Comma Usage: Avoid Confusion in Clauses & Contrasting Sentence Parts

An error occurred trying to load this video.

Try refreshing the page, or contact customer support.

Coming up next: Sentence Fragments, Comma Splices and Run-on Sentences

You're on a roll. Keep up the good work!

Take Quiz Watch Next Lesson
Your next lesson will play in 10 seconds
  • 0:08 Avoid Confusion
  • 0:29 Use Commas to Separate…
  • 1:43 Use Commas to Separate…
  • 2:56 Use Commas to Separate…
  • 3:31 Use Commas to…
  • 4:41 Lesson Summary
Add to Add to Add to

Want to watch this again later?

Log in or sign up to add this lesson to a Custom Course.

Login or Sign up

Create an account to start this course today
Try it free for 5 days!
Create An Account

Recommended Lessons and Courses for You

Lesson Transcript
Instructor: Christopher Curley
Learn more about comma usage from the pros! There are just too many ways to use the comma (it's a basic punctuation mark, after all) to fit in one sentence. Watch here to learn about some of the more common traps students fall into when trying to put commas in the right place.

Avoid Confusion

Knowing where to put commas in a sentence can be tricky, especially because seemingly similar-looking sentences require different comma usages. Oftentimes, it helps to verbalize the sentence out loud if you're not sure where the commas are supposed to go, listening to where you would naturally pause. In some instances, however, even that won't work.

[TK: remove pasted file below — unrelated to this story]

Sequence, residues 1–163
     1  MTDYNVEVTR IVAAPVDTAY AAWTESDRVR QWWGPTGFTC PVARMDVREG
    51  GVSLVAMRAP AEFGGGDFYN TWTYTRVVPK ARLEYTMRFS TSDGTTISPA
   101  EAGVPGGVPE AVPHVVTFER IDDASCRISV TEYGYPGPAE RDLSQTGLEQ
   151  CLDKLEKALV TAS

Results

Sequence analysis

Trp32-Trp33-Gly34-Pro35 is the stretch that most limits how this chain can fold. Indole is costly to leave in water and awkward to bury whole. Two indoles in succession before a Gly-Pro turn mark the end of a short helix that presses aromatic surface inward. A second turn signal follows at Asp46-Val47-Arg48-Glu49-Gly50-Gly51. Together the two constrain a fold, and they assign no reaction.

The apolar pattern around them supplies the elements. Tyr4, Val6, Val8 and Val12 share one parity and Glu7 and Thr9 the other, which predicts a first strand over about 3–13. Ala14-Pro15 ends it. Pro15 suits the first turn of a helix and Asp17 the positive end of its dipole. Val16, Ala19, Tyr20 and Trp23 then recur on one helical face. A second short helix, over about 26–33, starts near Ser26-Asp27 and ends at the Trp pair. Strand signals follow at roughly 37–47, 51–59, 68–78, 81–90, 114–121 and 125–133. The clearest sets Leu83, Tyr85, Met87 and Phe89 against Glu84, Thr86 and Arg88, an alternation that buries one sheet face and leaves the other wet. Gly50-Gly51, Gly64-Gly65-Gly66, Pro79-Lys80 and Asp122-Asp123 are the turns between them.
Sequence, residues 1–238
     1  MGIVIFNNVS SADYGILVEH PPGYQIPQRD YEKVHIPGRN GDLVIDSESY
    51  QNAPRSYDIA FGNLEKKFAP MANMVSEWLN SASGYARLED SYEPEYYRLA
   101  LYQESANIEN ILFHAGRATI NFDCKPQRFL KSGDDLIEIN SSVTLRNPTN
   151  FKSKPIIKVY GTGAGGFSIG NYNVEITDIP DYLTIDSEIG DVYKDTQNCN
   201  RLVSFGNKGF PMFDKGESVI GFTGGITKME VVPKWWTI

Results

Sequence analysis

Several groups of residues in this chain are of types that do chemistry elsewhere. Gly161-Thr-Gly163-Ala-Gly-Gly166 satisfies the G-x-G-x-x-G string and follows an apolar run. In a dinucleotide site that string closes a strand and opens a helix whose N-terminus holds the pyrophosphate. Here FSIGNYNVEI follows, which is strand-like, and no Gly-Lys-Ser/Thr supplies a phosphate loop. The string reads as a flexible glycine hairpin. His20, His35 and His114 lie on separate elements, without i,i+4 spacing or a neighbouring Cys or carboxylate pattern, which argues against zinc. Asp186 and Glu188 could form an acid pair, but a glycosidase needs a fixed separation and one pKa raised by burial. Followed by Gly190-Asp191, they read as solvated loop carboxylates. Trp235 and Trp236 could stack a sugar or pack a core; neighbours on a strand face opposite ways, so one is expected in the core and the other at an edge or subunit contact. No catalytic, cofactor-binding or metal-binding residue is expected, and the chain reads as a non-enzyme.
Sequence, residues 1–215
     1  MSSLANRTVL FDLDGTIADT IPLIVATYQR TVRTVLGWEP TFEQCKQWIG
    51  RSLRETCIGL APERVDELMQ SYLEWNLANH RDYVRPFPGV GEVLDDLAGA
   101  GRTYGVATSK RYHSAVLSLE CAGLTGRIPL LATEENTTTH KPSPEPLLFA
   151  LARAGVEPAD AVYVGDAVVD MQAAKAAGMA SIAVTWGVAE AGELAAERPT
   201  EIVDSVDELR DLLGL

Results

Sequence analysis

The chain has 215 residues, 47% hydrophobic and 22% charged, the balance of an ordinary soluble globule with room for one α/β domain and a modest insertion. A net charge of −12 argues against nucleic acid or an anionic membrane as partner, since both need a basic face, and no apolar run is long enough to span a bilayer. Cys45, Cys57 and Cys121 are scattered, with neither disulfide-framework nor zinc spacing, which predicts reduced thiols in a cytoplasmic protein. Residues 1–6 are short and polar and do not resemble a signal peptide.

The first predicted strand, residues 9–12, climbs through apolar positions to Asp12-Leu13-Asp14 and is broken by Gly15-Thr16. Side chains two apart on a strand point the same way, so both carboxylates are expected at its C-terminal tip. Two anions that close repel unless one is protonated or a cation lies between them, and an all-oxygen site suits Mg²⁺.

Use Commas to Separate Independent Clauses

Normally, when there are only two pieces of a sentence connected by a conjunction like 'and,' you wouldn't need a comma in between them - as in, 'I like swimming through fire and juggling bobcats.' However, any time you have two independent clauses in the same sentence - an independent clause being a clause with at least one subject and one verb that can stand on its own as a sentence - they need more than just a comma to separate them. Instead, they have to be separated by either a semicolon, a colon, or a comma accompanied by a coordinating conjunction - as in, 'I like swimming through fire, but I love juggling bobcats.'